She’s smart. He’s funny. They’re the ambitious ones. That company is an innovator. This technology is a game-changer.
As humans, we love labels. Consciously and unconsciously, we slap them on everything – and with good reason. The average human brain must process over 34GB of information each day. There is no way to do that and maintain our sanity unless we organize all that information in some way. And sticking labels on things is how our brain copes.
As a cognitive system, it works. But only when the things that we’re sticking labels on fit into the world as we know it.
When things are in a rapid state of change, however, that same labeling process becomes problematic. When we attempt to label things that do not adhere to the existing frame of reference, those labels go from helpful to dangerous.
As the great American philosopher, Will Rogers, put it: “It isn’t what we don’t know that gives us trouble. It’s what we know that ain’t so.”
I’m probably biased, but I don’t think that any industry can beat the technology sector when it comes to our love of labels, buzzwords, and acronyms. With a constant stream of disruptive technologies, new approaches to applying those technologies, and the desire to sell those technologies to willing enterprise buyers, there is a never-ending opportunity to create new labels.
Industry analysts may be the greatest offenders. The large analyst firms seem to specialize in creating new categories, slicing existing categories into ever more narrow ones and continually redefining and repurposing old labels into shiny new ones.
Theoretically, this slice-and-dice approach to labeling market categories helps IT and business executives make sense of changing markets. But make no mistake about it – analysts do it for their firms’ convenience as they try to make sense of things, not because such labels accurately represent emerging markets.
In fact, the desire to put labels on everything and organize the rapidly changing technology industry during this time of constant disruption serves mostly to obfuscate rather than clarify.
We don’t fall into the labeling death spiral as our larger competitors do, because we spend most of our time speaking to leaders at technology vendors that are disrupting the market. The universal challenge we hear from these entrepreneurs is that their companies don’t fit neatly into any of the existing boxes that the industry uses to classify them.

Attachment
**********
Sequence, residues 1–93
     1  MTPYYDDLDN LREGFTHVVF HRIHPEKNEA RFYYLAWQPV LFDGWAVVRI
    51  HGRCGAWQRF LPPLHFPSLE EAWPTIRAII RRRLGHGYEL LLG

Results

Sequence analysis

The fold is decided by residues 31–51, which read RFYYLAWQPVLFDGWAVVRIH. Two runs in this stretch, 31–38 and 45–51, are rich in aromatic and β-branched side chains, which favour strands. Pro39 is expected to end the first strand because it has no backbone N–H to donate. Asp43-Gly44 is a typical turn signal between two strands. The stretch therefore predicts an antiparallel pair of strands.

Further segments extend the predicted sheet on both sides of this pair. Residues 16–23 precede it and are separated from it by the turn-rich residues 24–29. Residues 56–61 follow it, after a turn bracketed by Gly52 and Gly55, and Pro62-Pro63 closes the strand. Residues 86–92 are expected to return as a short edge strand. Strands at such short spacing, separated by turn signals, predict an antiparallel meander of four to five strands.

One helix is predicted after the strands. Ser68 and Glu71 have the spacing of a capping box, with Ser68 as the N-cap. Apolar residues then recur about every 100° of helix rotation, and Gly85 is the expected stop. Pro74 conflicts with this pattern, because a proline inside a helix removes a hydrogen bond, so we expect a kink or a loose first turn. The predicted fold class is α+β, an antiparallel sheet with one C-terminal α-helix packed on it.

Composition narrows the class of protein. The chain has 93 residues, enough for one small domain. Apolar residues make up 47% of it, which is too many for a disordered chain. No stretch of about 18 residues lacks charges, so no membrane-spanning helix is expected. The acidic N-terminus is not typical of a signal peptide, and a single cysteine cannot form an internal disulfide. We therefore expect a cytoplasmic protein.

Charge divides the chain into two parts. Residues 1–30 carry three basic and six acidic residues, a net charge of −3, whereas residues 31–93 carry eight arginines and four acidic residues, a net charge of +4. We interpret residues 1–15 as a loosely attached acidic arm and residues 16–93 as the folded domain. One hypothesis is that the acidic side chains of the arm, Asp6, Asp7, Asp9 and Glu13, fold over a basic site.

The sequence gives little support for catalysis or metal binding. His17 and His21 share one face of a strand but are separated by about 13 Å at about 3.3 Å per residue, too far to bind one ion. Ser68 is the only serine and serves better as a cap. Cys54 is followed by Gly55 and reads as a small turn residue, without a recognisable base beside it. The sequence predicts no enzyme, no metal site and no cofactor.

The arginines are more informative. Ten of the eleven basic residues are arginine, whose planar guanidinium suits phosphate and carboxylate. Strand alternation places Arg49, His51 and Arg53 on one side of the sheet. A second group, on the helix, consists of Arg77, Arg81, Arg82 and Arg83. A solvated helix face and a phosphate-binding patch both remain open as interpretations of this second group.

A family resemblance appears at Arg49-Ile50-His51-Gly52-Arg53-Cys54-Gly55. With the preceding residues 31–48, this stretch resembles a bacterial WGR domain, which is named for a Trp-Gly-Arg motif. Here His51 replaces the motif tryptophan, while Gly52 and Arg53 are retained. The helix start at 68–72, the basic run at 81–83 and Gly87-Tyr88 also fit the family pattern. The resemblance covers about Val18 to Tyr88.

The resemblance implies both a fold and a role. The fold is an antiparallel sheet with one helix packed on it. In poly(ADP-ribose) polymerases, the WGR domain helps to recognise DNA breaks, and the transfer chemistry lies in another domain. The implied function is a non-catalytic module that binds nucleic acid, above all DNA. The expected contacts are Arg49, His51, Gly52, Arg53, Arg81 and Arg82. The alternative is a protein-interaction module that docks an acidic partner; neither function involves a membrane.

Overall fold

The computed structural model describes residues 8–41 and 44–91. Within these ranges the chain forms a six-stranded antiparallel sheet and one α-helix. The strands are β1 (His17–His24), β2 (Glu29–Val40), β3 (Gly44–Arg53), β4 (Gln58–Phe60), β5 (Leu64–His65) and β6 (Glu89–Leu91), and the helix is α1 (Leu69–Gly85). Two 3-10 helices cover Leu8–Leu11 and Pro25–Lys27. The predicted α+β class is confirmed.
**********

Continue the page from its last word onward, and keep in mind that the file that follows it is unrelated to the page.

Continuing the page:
Almost by definition, these companies transcend and span the labels that define the world as it was, because they represent the world that will be.
The Real World, Without Labels
The problem with all of this labeling is that it draws enterprise decision makers away from their real challenges – and negatively affects how they approach the entire process of digital transformation – which has unfortunately becoming a clichéd buzzword itself.
As digital transformation has become the trend du jour, executives’ focus has shifted away from the underlying business imperative. Rather than talking about the overarching business challenges, risks, and opportunities – specifically, how organizations can leverage technology and transformative processes to create competitive advantage – enterprise executives are instead reducing the conversation to the need to implement some specific technology. Fill in your label here.
It’s a classic case of the tail wagging the dog. The industry slaps labels on technologies, forcing technology companies to relentlessly conform to those boxes (lest they risk being ignored).
The industry then dutifully communicates to enterprise leaders that they need this technology that they have so neatly labeled for them. Enterprise leaders play their part and start thinking in these terms because, after all, they will eventually need to justify a future purchase. They know it’s safer to align those purchasing decisions to the analysts’ labels, regardless of how poorly they represent the reality of emerging, disruptive technologies.
Like a spaceship slowly spinning out of orbit, this process almost imperceptibly takes enterprise organizations away from the business focus they must maintain if they are to actually transform anything.